To download an X server using NFS, in addition to configuring the terminal for NFS use, you must do the following:
If you are not certain whether NFS is available and configured on the boot host, see Chapter 5, Configuring Network Services.
Specifying the Directory to Search for an X Server
To specify the directory that the terminal searches for an X server to download (the NFS mount point), you alter a value in NVRAM. If you do not specify a mount point, the Boot Monitor uses the defaults /tftpboot/ or /usr/tftpboot/ directory.
To specify a different directory, set boot-nfs-directory to the desired mount point (Setup -> Change Setup Parameters -> Booting -> [TCP/IP Boot Options section] NFS Directory). Save the new value in NVRAM.
Table 4-12 boot-nfs-directory Parameter
/tftpboot/ or /usr/tftpboot/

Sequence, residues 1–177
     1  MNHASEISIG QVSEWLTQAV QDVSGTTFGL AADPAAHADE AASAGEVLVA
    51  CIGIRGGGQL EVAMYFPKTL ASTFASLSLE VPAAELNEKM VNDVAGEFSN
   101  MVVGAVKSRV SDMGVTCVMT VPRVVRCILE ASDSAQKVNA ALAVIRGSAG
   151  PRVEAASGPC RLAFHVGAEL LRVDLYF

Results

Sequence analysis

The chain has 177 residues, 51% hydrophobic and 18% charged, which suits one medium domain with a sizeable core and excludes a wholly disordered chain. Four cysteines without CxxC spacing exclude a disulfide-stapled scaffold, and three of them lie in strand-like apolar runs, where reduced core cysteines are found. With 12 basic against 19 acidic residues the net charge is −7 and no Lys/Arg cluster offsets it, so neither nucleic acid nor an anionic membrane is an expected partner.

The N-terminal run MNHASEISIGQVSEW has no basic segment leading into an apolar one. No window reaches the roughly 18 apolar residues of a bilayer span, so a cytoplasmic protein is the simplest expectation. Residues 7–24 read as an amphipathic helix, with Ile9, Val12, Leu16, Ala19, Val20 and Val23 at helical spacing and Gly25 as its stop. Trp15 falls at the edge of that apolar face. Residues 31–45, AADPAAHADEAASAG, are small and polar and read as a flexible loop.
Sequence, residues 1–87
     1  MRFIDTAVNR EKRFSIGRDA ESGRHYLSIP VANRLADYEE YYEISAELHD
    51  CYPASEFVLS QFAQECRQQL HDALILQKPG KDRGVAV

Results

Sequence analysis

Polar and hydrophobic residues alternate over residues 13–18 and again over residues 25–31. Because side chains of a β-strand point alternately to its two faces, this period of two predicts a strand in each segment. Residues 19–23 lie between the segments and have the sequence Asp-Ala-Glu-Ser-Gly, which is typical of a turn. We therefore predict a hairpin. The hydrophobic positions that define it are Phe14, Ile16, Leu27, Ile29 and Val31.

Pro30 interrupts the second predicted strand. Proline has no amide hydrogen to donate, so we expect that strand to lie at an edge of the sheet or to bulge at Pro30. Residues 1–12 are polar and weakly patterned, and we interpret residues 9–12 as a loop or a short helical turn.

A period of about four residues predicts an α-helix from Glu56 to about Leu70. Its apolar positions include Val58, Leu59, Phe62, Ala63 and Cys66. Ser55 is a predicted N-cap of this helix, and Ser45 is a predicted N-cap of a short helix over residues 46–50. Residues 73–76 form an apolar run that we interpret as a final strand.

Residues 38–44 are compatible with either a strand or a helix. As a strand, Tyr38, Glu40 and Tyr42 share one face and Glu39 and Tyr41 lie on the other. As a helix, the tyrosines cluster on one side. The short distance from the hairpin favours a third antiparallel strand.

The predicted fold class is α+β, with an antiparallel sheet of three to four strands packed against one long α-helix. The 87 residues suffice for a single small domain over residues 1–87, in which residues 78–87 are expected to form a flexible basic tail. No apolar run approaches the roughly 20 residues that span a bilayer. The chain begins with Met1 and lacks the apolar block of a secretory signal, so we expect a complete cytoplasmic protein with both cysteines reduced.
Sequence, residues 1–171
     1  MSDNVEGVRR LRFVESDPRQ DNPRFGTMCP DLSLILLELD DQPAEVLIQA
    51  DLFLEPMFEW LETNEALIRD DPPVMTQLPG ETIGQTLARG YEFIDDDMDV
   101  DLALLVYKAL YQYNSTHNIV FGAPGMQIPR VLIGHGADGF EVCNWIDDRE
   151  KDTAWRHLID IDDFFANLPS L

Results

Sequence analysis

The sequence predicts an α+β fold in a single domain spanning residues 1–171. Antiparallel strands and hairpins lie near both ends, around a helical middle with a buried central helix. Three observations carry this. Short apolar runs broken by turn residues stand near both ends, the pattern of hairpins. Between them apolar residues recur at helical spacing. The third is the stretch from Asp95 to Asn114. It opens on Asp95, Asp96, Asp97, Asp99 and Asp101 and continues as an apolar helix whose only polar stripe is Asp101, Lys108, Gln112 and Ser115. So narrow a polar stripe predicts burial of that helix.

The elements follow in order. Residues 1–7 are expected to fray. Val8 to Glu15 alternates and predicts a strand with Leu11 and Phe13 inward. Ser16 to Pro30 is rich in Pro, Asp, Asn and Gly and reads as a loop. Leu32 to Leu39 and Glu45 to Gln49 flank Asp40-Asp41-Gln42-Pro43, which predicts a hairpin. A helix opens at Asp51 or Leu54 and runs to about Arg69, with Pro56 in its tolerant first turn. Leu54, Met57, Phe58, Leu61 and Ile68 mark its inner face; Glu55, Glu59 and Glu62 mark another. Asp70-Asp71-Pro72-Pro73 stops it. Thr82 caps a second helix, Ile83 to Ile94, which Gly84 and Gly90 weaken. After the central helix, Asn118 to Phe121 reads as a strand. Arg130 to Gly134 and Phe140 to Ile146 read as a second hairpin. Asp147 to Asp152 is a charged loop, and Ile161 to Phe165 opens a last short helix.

The directory for X server downloading using NFS.
The default X server loading sequence automatically loads the first X server it finds in the mounted NFS directory. If you do not specify a mount point, the Boot Monitor loads the first X server it finds in the default directory, /tftpboot/ or /usr/tftpboot/.
As with TFTP booting, you can boot an X server in another directory by symbolically linking one of the default directory pathnames to the true location of the X server. ("Linking X Server Files" describes using symbolic links for X server directory pathnames.)
When using NFS for X server download, each directory involved in the linkage between the default pathname and the actual X server image location must be exported.
If any directory is non-exportable, the read operation fails and an error message such as the following results:
Failed to mount /usr/nfs/load
If the Boot Monitor succeeds in mounting the directory containing the X server image, messages such as the following result:
Loading initial file /usr/nfs/load/XncdhmLoading final file /usr/tftpboot/Xncdhmx